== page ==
At this time, we don’t believe it makes good business sense for us to commit much in the way of resources to the iPhone. We’ll make sure our existing applications continue to function, of course, but that’s all we have planned for now.

Q: When will you return to iPhone development?

A: If and when we feel it makes good business sense, we’ll again develop for the iPhone. We don’t have our heads in the sand, nor are we blind to the enormity of this platform. That said, the Mac still remains a much more developer-friendly platform, and that’s where we’ll be concentrating our resources.

20 Responses to “Airfoil Speakers Touch 1.0.2 Is Now Available”

  1. Glenn Fleishman says:

    Fundamentally, per that last question, Apple doesn’t provide a predictable response to well-written conforming programs.

    Which means you could be one guy in a garage with a full-time job, slamming out iPhone code for months in your spare time, or a $1 billion-per-year game developer — and you still (apparently) have no assurance that the development work you do will be approved by Apple.

    The vast majority of the time, it is. However, for any individual or firm, the odds should be 100 percent that any conforming application is always approved in a reasonable amount of time.

    Nearly all other closed development processes like the App Store, such as on other mobile platforms or in closed licensed systems where plug-ins are certified and such, well-known developers have different rights than those who are fresh to the process; developers can pay for escalation of cases or care; and there’s a generally complete expectation that any legitimate program will be released into the closed system.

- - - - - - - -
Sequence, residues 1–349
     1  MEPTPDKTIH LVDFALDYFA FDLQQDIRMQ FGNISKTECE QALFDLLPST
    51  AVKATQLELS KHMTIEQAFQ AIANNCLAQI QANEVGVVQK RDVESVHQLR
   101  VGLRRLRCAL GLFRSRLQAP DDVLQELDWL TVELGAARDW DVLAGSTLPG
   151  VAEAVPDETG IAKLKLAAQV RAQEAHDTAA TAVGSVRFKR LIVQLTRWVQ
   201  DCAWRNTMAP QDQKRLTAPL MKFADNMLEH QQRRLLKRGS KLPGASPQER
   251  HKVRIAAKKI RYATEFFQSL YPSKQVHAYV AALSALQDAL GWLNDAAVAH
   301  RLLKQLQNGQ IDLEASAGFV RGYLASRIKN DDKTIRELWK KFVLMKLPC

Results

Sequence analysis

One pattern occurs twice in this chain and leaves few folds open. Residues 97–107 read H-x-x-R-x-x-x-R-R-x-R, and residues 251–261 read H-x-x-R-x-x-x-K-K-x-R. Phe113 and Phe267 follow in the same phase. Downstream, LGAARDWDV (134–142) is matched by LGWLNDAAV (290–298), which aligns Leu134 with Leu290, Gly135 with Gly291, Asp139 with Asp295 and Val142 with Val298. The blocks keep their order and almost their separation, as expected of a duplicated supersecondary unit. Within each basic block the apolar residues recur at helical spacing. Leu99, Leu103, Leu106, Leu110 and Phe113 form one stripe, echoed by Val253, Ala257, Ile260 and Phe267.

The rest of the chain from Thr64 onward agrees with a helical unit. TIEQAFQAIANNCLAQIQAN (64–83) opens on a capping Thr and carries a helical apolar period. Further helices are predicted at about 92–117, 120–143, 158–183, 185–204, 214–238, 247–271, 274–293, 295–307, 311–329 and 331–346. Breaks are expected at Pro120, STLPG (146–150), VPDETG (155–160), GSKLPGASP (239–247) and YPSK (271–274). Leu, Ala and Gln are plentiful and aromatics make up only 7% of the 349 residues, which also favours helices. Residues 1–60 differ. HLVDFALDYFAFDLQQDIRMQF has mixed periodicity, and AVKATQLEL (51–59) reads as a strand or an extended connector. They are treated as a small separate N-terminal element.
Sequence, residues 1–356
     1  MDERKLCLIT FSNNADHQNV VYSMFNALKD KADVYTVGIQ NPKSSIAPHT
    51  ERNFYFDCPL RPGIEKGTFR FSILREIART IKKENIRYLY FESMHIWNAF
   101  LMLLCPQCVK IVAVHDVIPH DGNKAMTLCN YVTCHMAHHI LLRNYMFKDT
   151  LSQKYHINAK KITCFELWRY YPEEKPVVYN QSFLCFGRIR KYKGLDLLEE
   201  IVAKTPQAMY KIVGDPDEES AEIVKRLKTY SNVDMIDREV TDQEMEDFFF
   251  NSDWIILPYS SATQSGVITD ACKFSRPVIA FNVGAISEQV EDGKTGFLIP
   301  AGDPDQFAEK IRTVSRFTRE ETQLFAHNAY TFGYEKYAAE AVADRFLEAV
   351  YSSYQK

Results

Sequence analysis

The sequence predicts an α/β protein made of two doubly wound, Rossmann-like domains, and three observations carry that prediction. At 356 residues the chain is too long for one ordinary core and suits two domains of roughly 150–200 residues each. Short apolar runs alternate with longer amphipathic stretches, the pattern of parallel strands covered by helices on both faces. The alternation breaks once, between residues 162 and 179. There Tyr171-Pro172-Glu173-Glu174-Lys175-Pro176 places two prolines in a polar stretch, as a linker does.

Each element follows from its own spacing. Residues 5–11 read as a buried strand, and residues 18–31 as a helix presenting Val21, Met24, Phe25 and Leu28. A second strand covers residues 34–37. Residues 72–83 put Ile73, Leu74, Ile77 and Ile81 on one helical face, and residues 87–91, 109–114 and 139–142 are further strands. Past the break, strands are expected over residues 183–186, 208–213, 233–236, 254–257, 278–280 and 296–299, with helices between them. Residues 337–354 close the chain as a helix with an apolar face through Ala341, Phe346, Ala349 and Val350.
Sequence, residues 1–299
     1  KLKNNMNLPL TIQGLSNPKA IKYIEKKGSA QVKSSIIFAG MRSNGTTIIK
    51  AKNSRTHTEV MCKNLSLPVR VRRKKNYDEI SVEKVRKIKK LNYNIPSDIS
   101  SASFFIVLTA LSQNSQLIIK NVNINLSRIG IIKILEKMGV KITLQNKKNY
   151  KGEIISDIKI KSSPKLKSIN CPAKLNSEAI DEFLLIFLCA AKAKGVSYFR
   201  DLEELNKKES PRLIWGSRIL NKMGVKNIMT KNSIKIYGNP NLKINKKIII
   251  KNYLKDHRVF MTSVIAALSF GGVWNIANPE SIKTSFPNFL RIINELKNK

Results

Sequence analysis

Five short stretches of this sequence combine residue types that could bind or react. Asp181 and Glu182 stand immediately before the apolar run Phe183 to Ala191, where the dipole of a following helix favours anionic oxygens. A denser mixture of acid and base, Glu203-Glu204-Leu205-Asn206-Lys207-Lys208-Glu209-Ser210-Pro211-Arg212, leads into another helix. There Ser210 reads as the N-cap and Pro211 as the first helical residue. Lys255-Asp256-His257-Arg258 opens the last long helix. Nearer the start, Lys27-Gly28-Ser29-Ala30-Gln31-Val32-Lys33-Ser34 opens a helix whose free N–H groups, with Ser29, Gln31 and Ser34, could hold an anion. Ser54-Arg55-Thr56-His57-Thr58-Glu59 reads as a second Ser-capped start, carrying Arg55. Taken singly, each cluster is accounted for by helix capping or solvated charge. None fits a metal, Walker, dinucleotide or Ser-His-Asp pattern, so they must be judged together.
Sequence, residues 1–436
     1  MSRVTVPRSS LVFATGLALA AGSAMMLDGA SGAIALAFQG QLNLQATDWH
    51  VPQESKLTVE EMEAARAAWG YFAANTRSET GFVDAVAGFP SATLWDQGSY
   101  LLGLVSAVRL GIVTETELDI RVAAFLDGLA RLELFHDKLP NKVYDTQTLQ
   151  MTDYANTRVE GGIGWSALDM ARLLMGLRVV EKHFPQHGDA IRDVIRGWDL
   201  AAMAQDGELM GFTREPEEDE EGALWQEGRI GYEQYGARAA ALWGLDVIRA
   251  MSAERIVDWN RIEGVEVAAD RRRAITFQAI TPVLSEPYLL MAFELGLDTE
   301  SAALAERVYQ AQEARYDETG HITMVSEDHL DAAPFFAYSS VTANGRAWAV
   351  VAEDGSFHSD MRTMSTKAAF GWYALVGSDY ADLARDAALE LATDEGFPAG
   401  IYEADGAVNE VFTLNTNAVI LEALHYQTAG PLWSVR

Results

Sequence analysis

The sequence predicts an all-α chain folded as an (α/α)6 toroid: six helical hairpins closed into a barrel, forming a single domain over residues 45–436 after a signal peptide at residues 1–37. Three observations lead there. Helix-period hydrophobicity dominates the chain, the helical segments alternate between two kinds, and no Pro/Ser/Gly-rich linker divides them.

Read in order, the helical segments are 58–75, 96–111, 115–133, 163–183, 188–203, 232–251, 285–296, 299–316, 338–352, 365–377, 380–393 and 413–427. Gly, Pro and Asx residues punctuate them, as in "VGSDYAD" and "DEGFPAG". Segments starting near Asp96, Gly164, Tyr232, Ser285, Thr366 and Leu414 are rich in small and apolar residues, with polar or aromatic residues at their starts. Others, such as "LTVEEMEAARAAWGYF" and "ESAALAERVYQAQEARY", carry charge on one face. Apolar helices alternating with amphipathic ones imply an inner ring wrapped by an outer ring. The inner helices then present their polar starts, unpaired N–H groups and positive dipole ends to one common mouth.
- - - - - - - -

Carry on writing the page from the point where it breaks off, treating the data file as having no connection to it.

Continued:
I started development on an iPhone app a year ago that never reached fruition. I was planning to invest several thousand dollars into development, and perhaps have to buy a new high-end server if demand had arrived. At every moment, I was concerned as a small businessman that my investment would be entirely wasted. (In the end, Amazon would have scuppered the app due to a change in its mobile app terms!)

  2. Anonymous says:

    The rules Steve Jobs discussed when announcing the app store were quite reasonable, and I think developers wouldn’t object to them if that’s what Apple was actually using. But that clearly isn’t the case.

    I’ve been working on an app for the iPhone for several months now. We’ve even talked about it with Apple. But even given verbal approval (which is not something most developers get) I still don’t have any confidence it’ll be approved in a sane way. (And I’m posting anonymously so as not to piss them off.)

  3. Jared Crawford says:

    Was any indication given if apps using other Apple “owned” logos would be acceptable?

    For example, some developers have received rejections for using the likeness of an iPhone within their icons.

    http://theappleblog.com/2009/04/22/apple-you-cant-use-images-of-the-iphone-on-the-iphone/

    Thanks for being a vocal supporter of reform and congrats on your success.

  4. Buck says:

    This is tremendous news for us, as we are doing a very similar thing in our app (pulling the computer icon via API). Since your last blog post we were sweating bullets because the alternative for us was a much, much poorer UI experience.

    Thank you very much for bringing this to light!

  5. Potential Customer says:

    So with your lack of commitment to the iPhone platform so well articulated, why should I spend any money on Airfoil? If it breaks with some future firmware update, is your company going to stand behind the product, or leave its customers dangling?

    Good on you for getting Apple to respond to this; I think you made a good case for why the images exposed by Cocoa APIs should be usable. Unfortunately, I think you’ve undermined confidence in your products along the way. Now that Apple has done its damage control for the App Store, I think you need to do the same.

  6. antibond says:

    I don’t think “enormity” means what you think it means.